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Fields of Gold

DSCF0615 DSCF0774 DSCF0832 DSCF0727 DSCF0766 DSCF0821 DSCF0820 DSCF0866 DSCF0776 DSCF0890 DSCF0893 DSCF0875 DSCF0871 DSCF0745 DSCF0775 DSCF0785 DSCF0780 DSCF0773 2015-09-25 13.02.09 2015-09-25 13.18.40

In July I was fortunate to spend a week wwoofing on the farm ‘l’albero che cammina’ in the Marche region of central Italy; it was one of the best weeks of my year abroad. In my mind it is a tranquil place where only the simplest of things mattered and whenever I feel stressed it is the perfect mental escape. The farm is organic and run wholly by the couple who own it, Doretta and Nello. Their two youngest daughters still live at home and the family is almost completely self-sufficient; olive oil comes from their very own olive groves and the flour for their organic bread comes from their own  wheat. The plums are from the orchard and the beans from the field. The concept of wwoofing is simple, you work on a farm  in exchange for food, lodging and a cultural exchange. Living with the family really opened up my eyes to not only the diversity of the traditional Italian family but also the simple pleasures of growing your own produce. My main task was harvesting that year’s onion and garlic crop – the ground was so hard that I broke the pitchfork – and I clearly remember the stab of pain that I felt when Doretta gave away to the neighbours an onion and a clove of garlic that was received with a simple ‘thanks very much’. Where was the gushing praise? The pat on the back for my hard labour? It is extremely easy to forget and not appreciate the origins of the food we consume daily.

It wasn’t just edible delicacies that the farm produced, within the garden surrounding the hill top farmhouse a variety of plants and herbs flourished. Together we picked and packed lavender into jars  filled with olive oil to be left in the sun for the rest of the summer to finally become aromatic lavender oil. ‘Iperico’ (hypericum or Saint John’s wort) was picked and hung from the wooden beams to dry, the bright yellow flowers turned into an oil have soothing medicinal properties. With the help of beeswax it can also be turned into a cream (see photo above) which is excellent for damaged or dry skin. I have to say however, that my favourite task was making honey. Obviously I didn’t actually make the honey, and I wouldn’t say that blood sweat and tears went into it, but some sweat and a couple of nasty bee stings certainly did. Once the trays containing the honey had been removed from the boxes in the garden, using smoke to make the bees drowsy, and the honey comb has been gently scraped away, they are added to a large container with a handle that makes the inside spin. This motion draws the honey from the trays where it gathers at the bottom. Pop it in a jar and voila, delicious! Every time that I taste it I am taken straight back to the garden nestled below the hilltop town of Arcevia.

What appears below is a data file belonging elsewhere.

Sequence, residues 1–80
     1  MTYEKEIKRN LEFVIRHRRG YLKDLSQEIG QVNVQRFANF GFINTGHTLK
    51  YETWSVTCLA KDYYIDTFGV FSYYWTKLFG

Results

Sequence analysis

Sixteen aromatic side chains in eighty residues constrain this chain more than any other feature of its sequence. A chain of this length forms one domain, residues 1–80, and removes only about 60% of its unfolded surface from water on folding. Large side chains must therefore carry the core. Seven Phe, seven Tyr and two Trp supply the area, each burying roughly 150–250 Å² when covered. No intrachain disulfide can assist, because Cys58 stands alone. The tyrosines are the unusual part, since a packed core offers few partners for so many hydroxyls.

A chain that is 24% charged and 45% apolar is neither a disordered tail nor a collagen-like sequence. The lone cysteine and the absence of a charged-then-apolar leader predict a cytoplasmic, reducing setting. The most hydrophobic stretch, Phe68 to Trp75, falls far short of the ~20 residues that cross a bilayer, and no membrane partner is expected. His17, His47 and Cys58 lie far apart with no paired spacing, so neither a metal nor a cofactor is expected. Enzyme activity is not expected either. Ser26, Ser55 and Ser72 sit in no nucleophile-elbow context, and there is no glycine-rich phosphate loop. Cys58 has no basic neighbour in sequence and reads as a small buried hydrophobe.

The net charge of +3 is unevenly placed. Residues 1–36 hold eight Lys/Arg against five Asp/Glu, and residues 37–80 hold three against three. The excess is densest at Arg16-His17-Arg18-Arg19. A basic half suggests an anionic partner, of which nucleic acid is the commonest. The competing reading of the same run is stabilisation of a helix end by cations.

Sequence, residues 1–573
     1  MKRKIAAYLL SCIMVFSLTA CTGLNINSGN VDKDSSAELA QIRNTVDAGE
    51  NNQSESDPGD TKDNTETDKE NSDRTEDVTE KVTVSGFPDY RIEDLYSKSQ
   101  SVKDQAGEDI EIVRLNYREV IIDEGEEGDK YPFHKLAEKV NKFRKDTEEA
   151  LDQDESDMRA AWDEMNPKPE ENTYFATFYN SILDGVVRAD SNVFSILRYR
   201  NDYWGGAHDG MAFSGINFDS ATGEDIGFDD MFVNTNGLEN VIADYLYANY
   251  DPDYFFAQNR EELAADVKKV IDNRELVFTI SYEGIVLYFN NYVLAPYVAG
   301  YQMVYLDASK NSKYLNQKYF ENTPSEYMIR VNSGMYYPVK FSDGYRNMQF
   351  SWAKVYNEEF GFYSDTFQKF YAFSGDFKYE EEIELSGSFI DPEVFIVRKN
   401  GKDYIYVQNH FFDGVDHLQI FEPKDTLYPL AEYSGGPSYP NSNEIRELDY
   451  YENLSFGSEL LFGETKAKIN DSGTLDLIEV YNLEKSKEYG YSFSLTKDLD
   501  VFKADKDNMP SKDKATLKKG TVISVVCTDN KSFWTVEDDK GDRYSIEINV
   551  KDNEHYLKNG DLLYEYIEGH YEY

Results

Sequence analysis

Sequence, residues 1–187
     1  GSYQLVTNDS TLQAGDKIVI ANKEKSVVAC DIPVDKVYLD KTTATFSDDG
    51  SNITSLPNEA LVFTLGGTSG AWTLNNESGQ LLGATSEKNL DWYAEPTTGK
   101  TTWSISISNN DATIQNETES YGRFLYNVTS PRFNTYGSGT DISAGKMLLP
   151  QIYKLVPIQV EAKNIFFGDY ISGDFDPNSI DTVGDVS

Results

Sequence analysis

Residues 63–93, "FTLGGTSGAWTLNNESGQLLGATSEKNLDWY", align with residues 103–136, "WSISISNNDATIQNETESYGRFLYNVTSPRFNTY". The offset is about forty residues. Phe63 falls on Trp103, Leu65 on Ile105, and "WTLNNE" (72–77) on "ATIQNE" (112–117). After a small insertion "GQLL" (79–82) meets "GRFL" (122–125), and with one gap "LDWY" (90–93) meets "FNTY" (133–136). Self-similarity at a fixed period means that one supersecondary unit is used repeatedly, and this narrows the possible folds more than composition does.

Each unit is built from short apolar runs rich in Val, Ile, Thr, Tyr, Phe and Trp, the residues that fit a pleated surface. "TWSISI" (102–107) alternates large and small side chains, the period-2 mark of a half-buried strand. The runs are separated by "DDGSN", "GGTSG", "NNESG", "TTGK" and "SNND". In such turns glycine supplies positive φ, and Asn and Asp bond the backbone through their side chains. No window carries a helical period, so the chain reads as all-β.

I made a real connection with the family and I can’t wait to go back. Let’s be honest, the scorpions in my bedroom and the toad on my front step, all of the snails, and the snakes, the wild boar roaming the woods, and those giant black things that fly at you I could probably take or leave, however, the kindness and peacefulness that I experienced there will stay with me always.

Bethan Evans.

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